To William Gordon1
[West Point, September 5, 1779]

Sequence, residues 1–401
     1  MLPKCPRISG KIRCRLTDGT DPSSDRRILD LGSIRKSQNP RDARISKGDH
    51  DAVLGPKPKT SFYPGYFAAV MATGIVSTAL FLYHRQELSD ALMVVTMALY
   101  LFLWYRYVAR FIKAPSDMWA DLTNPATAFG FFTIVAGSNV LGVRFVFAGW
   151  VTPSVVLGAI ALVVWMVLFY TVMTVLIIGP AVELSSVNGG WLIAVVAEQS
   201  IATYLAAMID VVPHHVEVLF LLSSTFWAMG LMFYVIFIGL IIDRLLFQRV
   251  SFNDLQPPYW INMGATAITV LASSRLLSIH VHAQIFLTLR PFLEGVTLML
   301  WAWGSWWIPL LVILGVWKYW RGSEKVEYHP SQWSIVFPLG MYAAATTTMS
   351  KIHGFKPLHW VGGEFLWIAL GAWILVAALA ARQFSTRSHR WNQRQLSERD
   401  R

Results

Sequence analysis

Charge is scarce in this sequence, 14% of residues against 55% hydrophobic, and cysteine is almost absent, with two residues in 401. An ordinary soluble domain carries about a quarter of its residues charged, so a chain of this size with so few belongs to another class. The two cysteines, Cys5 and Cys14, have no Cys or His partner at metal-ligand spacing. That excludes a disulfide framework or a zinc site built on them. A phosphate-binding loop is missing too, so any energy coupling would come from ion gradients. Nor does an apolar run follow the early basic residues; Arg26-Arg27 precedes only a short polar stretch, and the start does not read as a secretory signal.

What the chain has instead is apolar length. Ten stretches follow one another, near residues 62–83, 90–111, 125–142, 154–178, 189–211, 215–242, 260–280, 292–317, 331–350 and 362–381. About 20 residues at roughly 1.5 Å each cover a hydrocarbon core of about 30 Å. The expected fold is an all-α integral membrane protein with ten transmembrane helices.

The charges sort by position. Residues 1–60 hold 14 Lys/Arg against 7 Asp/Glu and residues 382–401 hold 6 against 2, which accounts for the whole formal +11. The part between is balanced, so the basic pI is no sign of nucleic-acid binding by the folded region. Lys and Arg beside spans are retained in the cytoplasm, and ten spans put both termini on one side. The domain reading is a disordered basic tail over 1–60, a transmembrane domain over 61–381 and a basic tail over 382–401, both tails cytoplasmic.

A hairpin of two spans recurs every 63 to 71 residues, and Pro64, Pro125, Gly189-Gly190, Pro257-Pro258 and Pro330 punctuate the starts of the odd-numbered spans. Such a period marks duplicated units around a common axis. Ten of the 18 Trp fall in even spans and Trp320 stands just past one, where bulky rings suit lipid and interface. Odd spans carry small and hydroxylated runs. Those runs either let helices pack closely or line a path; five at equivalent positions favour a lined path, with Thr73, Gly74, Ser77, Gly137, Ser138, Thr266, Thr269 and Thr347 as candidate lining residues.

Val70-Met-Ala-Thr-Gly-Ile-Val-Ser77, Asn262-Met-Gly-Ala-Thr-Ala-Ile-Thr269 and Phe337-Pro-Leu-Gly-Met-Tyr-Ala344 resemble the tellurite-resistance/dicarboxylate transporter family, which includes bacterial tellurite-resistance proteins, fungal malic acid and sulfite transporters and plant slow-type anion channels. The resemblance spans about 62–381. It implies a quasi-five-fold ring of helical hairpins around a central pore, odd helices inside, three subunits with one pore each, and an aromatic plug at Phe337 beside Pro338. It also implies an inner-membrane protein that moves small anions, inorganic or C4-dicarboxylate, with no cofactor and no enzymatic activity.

I have received your letter of the 25th of August, which you will probably not be surprised to hear, is by no means satisfactory. Instead of giving up the author of the accusation, you charitably suppose me guilty & amuse yourself in a strain of conjecture (which whatever ingenuity it may have, was certainly unnecessary) about the manner in which the affair happen’d, & the motives that produced it. Your entering a volunteer to apologise for me is, no doubt, a mark of your condescension & of your benevolence, & would make it ungrateful, as well as indecent, to suspect, that the conditions, with which you fetter a compliance with my request, proceed from any other cause than a laudable, though, perhaps, in this instance, an officious zeal for the interests of religion & for the good of society. It shall never be said, that you had a recourse to a pitiful evasion, & attempted to cover the dishonor of a refusal under a specious pretence of terms, which you knew, as a gentleman, I should be obliged to reject. I venture however, with every allowance for the sanctity of your intentions, & with all possible deference for your judgment, to express my doubts of the propriety of the concessions, you require, on my part, as preliminaries to a discovery, which I still think you are bound to make, as an act of justice—This is a principle from which I can never depart; & I am convinced, I shall have the common sense & feelings of mankind on my side. An opinion of my inexperience seems to have betrayed you into mistakes: Whatever you may imagine, Sir, I have read the world sufficiently to know that, though it may often be convenient to the propagator of a calumny to conceal the inventor, he will stand in need of no small address, to escape the suspicions & even the indignation of the honest & of the disinterested. Nor can I but persist in believing, that, notwithstanding the confidence, which, from a very natural partiality, you place in your own character, the delicacy of your sentiments will be alarmed at the possibility of incurring this danger, & will prevent your exposing yourself to it, by refusing or delaying any longer, to comply with so reasonable a demand.